Luis Pita Oliva holds a 3-0 record as a pro, since debuting June 17, 2023 on a Reyes Boxing Promotions card in Massachusetts.
The man from Cuba is 25 years old, a super middleweight who has fought the world class titlist and fellow Cuban David Morrell.
Oliva, now making Massachusetts his home, has not fought monsters to this point, he’s not one of those amateur to pro rapid-advance types.
I may as well take the opportunity right here to address Luis, and apologize.
This piece was intended to be a straight-forward NYF PROSPECT WATCH column, and I sent Luis a pack of questions, via email.
I like doing that, because it allows for flexibility, I send the questions and you respond when you are comfy and feel like talking (or typing).
When Luis responded, it was right away clear that he wasn’t treating this process flippantly.
Our man went deep into his soul, actually, when describing where he came from, to now. It’s heavy stuff…
I edited it some for readability purposes.
“My name is Luis Alberto Pita Oliva,” he told me.
“I was born in the city of Pinar del Rio, Cuba, since I have memory I only wanted a normal life, that was my first dream.
“My first goal was to get out of the bubble of bad people that I had around me. I’m talking about family…there is nothing sadder than living the lives of other people, so that you can't be you, can't think or say what you want to say, that when things go well everyone says that it's a coincidence, that when ideas work everyone looks at you with a serious face.
“They threatened me in the ear.
“They spoke badly of me, that I wasn't going to be anyone, that I wasn't going to achieve anything in life, that I didn't look like them.
A Child Absorbs Beatings
“They hit me with the first thing I found with a belt. It was their favorite, along with a wooden board.
“Many times when I saw blood. What happened is that my mother saw my father in me.
“That's why he only treated me and my other brother like that, not because my Dad was twice as bad as her. He beat her every day.”
Luis says mom left when he was a year old. He recalls himself as an older boy, very scared and lonely.
Luis continues: “That feeling intensified at 8 years old. The week I spent from Monday to Friday with my mom and weekend with my dad in that time of my childhood. I always wondered where I wanted to be because I didn't know which of the two was worse and I thought I had to be on one side to be able to avoid at least one of the two.”
Examples of poor role modeling:
“My mom for interrupting a conversation threw my head against the ceramic in the bathroom toilet and my mom's friends criticized her, she said calmly that ‘I know how to raise my son.’
This would be referred to as a “complex trauma” situation, in some circles, I think.
“My dad is a man from the countryside and the people in the countryside think differently from the ones in the city. They think that everything is solved with blows,” Luis tells NYF.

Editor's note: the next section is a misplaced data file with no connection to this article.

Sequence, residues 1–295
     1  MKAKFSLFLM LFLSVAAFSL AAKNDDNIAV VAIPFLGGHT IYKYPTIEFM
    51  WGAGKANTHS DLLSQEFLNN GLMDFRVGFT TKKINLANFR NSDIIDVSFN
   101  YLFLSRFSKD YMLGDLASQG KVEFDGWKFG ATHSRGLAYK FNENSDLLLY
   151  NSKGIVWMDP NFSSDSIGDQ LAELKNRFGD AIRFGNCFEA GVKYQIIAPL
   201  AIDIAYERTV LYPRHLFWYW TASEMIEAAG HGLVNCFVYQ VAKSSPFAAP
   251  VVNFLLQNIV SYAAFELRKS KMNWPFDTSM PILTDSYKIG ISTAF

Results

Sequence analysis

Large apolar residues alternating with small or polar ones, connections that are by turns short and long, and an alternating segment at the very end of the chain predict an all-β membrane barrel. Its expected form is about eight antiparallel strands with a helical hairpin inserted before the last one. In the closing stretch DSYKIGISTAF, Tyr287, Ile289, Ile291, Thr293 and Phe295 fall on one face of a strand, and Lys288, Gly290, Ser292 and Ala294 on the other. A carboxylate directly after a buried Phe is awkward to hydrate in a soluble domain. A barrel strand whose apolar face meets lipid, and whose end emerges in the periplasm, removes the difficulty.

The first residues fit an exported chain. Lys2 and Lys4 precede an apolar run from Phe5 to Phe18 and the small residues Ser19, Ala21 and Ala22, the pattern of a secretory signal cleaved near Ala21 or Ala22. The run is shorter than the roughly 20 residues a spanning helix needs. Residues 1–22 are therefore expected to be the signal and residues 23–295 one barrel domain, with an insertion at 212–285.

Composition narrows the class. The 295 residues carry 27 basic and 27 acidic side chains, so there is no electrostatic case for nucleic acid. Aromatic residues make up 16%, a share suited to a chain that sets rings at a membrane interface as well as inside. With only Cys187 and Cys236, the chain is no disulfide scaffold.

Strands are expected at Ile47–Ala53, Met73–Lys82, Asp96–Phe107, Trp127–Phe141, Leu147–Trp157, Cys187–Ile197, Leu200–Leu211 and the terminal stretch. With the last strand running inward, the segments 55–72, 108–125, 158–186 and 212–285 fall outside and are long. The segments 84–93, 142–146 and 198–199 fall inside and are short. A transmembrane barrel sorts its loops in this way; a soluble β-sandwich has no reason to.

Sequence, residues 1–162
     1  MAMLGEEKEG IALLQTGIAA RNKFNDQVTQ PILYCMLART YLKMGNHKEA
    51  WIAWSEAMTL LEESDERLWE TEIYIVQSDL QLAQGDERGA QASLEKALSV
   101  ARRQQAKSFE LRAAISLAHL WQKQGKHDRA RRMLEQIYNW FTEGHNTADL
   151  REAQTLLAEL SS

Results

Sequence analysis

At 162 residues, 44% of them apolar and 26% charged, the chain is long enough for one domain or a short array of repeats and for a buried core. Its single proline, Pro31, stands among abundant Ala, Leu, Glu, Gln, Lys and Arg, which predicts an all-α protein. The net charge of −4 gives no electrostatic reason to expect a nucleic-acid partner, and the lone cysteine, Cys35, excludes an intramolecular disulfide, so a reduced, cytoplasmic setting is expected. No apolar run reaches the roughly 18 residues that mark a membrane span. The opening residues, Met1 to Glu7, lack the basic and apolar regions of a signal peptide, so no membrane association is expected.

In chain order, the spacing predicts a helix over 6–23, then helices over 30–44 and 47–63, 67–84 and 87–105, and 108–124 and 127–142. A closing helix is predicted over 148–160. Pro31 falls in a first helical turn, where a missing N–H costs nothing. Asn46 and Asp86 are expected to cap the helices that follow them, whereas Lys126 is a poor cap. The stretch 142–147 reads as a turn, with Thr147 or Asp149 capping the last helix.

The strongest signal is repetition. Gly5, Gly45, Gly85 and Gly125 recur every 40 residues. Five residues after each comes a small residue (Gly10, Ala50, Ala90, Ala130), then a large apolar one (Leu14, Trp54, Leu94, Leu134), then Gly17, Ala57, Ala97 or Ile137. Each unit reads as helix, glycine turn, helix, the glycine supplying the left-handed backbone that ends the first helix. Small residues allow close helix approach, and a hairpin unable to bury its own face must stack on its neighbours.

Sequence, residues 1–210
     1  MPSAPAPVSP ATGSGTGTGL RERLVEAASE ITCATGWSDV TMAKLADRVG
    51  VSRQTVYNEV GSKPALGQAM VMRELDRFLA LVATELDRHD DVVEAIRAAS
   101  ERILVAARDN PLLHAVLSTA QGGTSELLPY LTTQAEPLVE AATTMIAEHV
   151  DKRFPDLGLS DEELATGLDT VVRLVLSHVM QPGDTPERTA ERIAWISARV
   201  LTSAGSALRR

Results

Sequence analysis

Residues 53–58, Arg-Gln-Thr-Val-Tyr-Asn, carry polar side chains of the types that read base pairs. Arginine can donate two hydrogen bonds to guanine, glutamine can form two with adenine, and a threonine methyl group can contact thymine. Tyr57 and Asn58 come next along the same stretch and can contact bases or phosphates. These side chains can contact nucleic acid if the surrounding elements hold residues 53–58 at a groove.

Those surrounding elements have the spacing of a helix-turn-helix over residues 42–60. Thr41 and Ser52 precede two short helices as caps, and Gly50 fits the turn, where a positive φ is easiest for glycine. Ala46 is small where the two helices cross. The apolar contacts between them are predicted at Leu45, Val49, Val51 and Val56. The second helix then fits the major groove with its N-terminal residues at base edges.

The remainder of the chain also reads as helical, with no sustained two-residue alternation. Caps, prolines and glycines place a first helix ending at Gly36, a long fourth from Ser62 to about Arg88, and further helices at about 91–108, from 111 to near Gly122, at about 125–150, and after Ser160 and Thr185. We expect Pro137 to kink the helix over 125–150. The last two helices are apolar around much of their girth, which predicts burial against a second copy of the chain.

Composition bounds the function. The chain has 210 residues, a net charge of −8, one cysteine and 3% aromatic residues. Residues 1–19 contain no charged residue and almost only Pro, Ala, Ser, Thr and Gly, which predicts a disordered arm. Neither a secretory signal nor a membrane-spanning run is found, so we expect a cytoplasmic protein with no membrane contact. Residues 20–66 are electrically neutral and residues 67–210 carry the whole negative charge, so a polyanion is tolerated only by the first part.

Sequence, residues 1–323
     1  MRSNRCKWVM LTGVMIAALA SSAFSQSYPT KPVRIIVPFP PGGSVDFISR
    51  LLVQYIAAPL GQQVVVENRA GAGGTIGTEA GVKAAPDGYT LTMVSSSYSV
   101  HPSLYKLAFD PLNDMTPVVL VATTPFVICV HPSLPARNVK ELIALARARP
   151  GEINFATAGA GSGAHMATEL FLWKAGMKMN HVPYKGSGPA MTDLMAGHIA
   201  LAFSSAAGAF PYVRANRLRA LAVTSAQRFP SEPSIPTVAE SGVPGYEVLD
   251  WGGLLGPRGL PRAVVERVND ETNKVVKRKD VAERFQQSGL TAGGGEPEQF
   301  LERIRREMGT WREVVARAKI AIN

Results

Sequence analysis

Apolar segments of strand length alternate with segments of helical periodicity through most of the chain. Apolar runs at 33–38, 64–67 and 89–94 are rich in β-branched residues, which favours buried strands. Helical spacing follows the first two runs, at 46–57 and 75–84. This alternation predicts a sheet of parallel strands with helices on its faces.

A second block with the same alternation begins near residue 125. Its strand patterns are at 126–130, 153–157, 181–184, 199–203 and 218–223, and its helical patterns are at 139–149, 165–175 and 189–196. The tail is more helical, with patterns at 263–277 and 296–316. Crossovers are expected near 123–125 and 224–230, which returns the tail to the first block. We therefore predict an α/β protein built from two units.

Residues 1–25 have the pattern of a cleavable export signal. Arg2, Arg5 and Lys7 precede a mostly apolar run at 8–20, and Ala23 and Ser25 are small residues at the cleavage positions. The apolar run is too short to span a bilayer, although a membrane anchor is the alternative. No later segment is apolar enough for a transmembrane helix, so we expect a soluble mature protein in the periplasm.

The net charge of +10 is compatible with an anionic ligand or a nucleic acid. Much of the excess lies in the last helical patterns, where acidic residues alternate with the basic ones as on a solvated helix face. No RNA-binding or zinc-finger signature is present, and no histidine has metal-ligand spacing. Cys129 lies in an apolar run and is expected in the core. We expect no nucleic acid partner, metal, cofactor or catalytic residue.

“I was growing up with all that in my head but it was like my mind had no room for anything or to think about happiness or a life or the future. I was still with them and at 8 years old nothing had changed. I understood that I not only wanted to leave my house I wanted to leave the country.
“I wanted to start and make a new life with my own family, one with values and I promised myself that one day I would leave Cuba and I would never return for anything in the world because I would never return to a country where they made me feel so bad.
“I feel proud of my people and if I had to fight for freedom I would be the first but if not for that reason I would never return.
Collecting Money To Fund Departure
“At 12, I started working secretly to start collecting money to be able to leave the country but I had to say that I was going to play. I could only do it with my mom because my dad didn't let me leave the house.
“I had to be stuck my mom forbade me to have friends and going to play at friends’ place. I stopped seeing people.
Luis shares the cruel taunts: “Even your mom doesn't love you. And my dad, one of many times he arrives at night, drunk, and takes me by the neck and begins to squeeze me harder and harder.
”I start hitting him and kicking him because he was very strong and I was losing consciousness. He opened his eyes and let me go… but that moment made me feel bad because I couldn't change the reality of what I was living, what I had to endure. I didn't know if I would be alive to tell the story later.”
Then, some light shines through the dark murk of physical and verbal abuse.
“At 12, boxing comes into my life.”
Part 2 features more hard times within a harsh home life, a deepening bond with boxing, and a time for hope, as Luis’ dream begins to play out in a new place and head space